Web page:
United States District Court, E.D. Michigan, Southern Division
OPINION AND ORDER (1) DENYING PETITION FOR WRIT OF
HABEAS CORPUS, (2) DENYING CERTIFICATE OF APPEALABILITY, AND
(3) GRANTING PERMISSION TO APPEAL IN FORMA PAUPERIS
HONORABLE VICTORIA A. ROBERTS UNITED STATES DISTRICT JUDGE
a habeas case filed by a Michigan prisoner under 28 U.S.C.
§ 2254. Petitioner Ronald Fordham was convicted after a
jury trial in the Wayne Circuit Court of second-degree
murder. Mich. Comp. Laws § 750.317. Petitioner was
sentenced to a term of 27 to 50 years' imprisonment.
petition raises seven claims: (1) insufficient evidence at
trial to sustain Petitioner's conviction, (2)
Petitioner's trial counsel was ineffective for failing to
object to the misconduct of the prosecutor, (3) the
prosecutor improperly vouched for the credibility of two
witnesses, (4) Petitioner's trial counsel was ineffective
for failing to present a substantial defense, failing to
request a jury instruction on manslaughter, and failing to
have Petitioner testify in his own defense, (5) the trial
court erred in failing to instruct the jury on its own
initiative on the lesser offense of manslaughter, (6) trial
counsel was ineffective for failing to subject the
prosecutor's case to meaningful adversarial testing, and
(7) trial counsel was ineffective for failing to advise
Petitioner to accept a favorable plea bargain.
Court finds that Petitioner's claims are without merit or
barred by his state court procedural default. Therefore, the
petition will be denied. The Court also denies a certificate
of appealability, but it will grant permission to appeal in
was originally charged with first-degree murder along with
co-defendants Shameka Shamily and Tinga Harvey as a result of
the May 3, 2012, stabbing death of Kiewone Watkins at a
Detroit apartment building. Harvey and Shamily pled guilty to
manslaughter, and before trial the charge against Petitioner
was reduced to second-degree murder.
trial, the medical examiner testified that Watkins died as
the result of multiple stab wounds. The most serious wounds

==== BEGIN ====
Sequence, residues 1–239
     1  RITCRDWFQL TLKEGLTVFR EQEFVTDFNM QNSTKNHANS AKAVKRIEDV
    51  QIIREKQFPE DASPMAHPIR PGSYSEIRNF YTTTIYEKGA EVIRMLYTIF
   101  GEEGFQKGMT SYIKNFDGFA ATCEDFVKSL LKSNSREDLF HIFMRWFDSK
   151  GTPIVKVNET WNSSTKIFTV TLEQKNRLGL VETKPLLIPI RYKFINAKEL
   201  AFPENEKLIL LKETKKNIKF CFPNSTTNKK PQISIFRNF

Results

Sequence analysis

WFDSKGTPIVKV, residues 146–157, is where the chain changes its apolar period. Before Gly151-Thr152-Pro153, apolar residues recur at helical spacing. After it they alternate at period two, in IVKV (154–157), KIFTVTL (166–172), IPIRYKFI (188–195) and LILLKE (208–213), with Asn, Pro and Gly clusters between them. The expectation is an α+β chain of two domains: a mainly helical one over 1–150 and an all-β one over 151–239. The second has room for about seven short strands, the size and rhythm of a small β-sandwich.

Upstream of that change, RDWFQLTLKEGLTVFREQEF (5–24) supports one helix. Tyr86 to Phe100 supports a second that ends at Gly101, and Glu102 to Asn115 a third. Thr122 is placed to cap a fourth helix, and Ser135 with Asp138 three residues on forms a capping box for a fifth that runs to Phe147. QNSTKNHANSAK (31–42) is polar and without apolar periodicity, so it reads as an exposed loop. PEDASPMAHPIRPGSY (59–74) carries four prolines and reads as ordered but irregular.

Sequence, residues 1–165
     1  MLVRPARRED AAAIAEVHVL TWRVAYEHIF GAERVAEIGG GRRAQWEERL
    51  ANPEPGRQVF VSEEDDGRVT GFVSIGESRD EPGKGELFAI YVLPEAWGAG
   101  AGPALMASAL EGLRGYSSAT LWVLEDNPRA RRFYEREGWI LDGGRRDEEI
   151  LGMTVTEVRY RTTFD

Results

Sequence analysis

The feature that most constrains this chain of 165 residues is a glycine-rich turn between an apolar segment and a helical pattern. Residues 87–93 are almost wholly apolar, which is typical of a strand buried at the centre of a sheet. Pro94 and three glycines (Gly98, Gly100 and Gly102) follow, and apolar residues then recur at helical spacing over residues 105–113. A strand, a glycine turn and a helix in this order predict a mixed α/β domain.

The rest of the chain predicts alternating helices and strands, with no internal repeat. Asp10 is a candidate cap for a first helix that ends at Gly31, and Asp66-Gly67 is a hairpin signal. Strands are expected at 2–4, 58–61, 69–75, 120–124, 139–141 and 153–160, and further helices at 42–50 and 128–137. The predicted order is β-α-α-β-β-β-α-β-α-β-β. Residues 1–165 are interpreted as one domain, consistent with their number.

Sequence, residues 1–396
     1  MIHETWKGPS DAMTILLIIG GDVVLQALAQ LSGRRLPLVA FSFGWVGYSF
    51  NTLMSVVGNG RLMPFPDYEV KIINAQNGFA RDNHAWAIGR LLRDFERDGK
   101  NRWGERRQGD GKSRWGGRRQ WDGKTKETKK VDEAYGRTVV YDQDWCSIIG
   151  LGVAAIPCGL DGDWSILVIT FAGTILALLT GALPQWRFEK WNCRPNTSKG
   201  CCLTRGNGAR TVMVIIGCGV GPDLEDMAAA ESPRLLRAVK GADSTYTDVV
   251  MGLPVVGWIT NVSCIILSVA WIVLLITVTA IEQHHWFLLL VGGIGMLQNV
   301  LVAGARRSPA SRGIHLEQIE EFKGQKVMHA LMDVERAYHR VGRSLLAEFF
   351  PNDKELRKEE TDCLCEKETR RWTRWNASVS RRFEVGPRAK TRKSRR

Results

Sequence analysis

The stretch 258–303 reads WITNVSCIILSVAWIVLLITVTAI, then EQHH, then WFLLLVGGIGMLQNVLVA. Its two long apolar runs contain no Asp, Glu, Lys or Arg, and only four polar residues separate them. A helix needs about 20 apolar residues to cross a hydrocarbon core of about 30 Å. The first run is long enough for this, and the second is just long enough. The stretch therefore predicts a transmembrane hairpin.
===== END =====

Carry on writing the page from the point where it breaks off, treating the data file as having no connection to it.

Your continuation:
penetrated the right chest cavity and injured both of his
lungs and heart. The medical examiner noted a defensive stab
wound on the victim's forearm and a laceration to the
back of the head.
incident occurred after a fight erupted at Watkins'
apartment building. The two-story “U” shaped
building had an outdoor walkway on the second floor and
outdoor staircases. The fight initially involved Shamily and
Harvey arguing with Shamily's step-sister, Shana Granger.
Harvey is the mother of Petitioner's child, and Granger
was Watkins' boyfriend. Granger and Watkins lived at the
same building but in different apartments.
testified at trial that she and Harvey went to the apartment
building after drinking heavily. Multiple intoxicated people
were arguing. Shamily and Harvey got involved in the
argument; they argued with Watkins. At some point Shamily and
Harvey left the building, got Petitioner, and returned with
the intention of continuing the fight.
they returned, Shamily and Harvey engaged in a physical fight
with the victim on the second-floor walkway. During the
fight, Shamily saw Petitioner hit the victim in the chest and
stomach, but she did not see a knife. Petitioner then started
running away and told Shamily and Harvey that they had to go.
Meanwhile, Shamily saw the victim lying on the ground.
Shamily testified that she was charged with second-degree
murder, but she pled guilty to manslaughter with a 4 to 15
year sentence and an agreement to testify truthfully at
testified that she is the mother of Petitioner's
daughter. She was also charged with second-degree murder but
pled guilty to manslaughter with a 4 to 15 year sentence and
an agreement to testify truthfully. She described how on the
date of the incident, Granger called Harvey and Shamily over
to her building. When they arrived, Harvey argued with